Challenging myself

Mental clutter: Heaps of articles I want to read, podcasts I want to listen to, photos and thoughts I crave to share. Organising my digital assets (aka mess) became a feel-good activity. With so many things unclear and uncertain in 2020, the thought of having a clean inbox, an organised closet, or a quarterly plan gave me peace of mind.

As a curious type of person, I tend to click *all* the links, open *all* the tabs, and write *all* the lists. But after opening them: nothing happens.
I knew that if only I found a systematic way to start covering all the things I want to read and learn or at least some, I would feel like I’ve made satisfying progress. Progress in what? In learning, in being a part of the world and what’s going on.

The solution? I gave myself briefs: A set of daily challenges with clear timeframe and rules. This was obviously all made up, and somehow I was still managing to hold myself accountable. Posting about my daily progress online, was an extra way to get some outside accountability. However, I had no idea who was reading or watching, and honestly? It didn’t matter.
So what were my 2020 challenges? Two month-long challenges of posting daily on my personal Instagram feed, a weekly Tuesday Topic Q&A video on Aravrit. And my favorite: The Daily Duo.

It started as a spark. I was busy preparing for a deadline when I suddenly cracked a new challenge: I had dozens of tabs open on my iPhone browser. Things I wanted to read “when I’ll have time”. We all know where this is going, there will never be a time that I’ll sit relaxed with a cup of coffee in my hand and just spend hours reading off my phone. I would much rather read a book, spend time with my family and friends, practice yoga, work more. However, these open tabs were feeling like a burden. Full of the guilt of not reading them, my mind was fogged and needed that mental space free.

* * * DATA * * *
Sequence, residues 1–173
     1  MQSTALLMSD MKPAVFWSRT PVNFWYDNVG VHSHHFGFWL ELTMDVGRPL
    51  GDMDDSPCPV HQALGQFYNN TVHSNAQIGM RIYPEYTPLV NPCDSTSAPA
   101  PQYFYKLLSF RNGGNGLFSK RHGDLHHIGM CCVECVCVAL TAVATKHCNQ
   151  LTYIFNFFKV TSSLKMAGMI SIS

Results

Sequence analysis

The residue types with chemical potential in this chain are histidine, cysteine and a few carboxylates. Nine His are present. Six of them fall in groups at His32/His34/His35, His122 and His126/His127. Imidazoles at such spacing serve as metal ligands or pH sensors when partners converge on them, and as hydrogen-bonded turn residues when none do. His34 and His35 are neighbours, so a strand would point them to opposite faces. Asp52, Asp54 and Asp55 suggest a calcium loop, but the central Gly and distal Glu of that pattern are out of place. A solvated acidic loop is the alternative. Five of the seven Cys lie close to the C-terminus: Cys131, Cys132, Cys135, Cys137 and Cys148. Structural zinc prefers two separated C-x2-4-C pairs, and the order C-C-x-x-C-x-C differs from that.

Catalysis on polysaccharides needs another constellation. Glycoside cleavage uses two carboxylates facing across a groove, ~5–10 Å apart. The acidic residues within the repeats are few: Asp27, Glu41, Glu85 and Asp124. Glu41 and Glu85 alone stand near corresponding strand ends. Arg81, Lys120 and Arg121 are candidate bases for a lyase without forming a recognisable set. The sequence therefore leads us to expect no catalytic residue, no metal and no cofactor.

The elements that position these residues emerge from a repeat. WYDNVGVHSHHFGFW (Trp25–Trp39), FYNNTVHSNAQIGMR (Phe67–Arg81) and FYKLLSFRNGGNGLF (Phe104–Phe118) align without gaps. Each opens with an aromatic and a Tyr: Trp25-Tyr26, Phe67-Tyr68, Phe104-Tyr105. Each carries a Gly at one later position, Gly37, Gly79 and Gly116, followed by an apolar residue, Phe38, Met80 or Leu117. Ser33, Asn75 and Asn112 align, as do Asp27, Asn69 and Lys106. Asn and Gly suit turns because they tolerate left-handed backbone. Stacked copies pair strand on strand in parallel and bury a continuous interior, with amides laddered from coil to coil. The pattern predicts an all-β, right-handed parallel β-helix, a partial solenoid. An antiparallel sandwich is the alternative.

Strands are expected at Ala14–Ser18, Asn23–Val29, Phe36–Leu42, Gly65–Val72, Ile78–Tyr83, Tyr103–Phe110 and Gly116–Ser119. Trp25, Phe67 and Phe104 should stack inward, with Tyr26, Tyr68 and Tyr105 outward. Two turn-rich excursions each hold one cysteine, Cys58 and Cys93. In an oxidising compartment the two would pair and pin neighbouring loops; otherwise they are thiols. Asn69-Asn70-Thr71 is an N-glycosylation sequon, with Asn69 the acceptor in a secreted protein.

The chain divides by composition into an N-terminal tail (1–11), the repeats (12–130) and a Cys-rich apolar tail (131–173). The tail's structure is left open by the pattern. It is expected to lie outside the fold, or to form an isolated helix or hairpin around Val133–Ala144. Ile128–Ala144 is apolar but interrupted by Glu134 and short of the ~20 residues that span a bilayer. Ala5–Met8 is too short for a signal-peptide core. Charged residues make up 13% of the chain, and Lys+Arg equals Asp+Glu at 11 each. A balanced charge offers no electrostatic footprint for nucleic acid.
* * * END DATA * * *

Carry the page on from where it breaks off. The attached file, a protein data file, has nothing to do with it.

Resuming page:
The rules were simple: I would read through two tabs a day, for 30 days, and document them simply on a dedicated webpage. I created the template page on my messy portfolio-turned-website while procrastinating my pressing deadline.
The topics were random, and I loved it! I felt like I got an overview of what interests me and each tab reminded me of the context I wanted to read it in. The documenting part was clearly a favourite of mine. I guess the researcher’s mission never ends. I also enjoyed reflecting and thinking of some takeaways from this experiment:
It was lovely to have an activity to do with my phone other than mindlessly horizontally scrolling IG stories.
I wasn’t reading as many books as I normally do, this time was used for reading online.
There is, apparently, no limit to the number of productivity articles that a person is able to read. Even though the methods are all known to me, it’s like a reality show: just feels good.
I had to face a lot of deep thoughts about my various identities and interest fields. What would my designer friends think of me reading about how we process information? What would my mom-friends think about long-form interviews with type designers?
Though tabs were indeed closed, each article containing links opened more and more things to read. This is true, a web.

As much as I loved the zero open tabs when the challenge ended, a bit more than a month later, I am once again in the two-digits sphere.
Some more challenges are coming up in 2021. I can only hope that my biggest challenge would be how to easily pack for a trip abroad.

Bette(r) Days celebrates the things that did not suck in 2020. Each day in December, we’ll be posting about the highlights of our collective garbage fire of a year, type-related or not.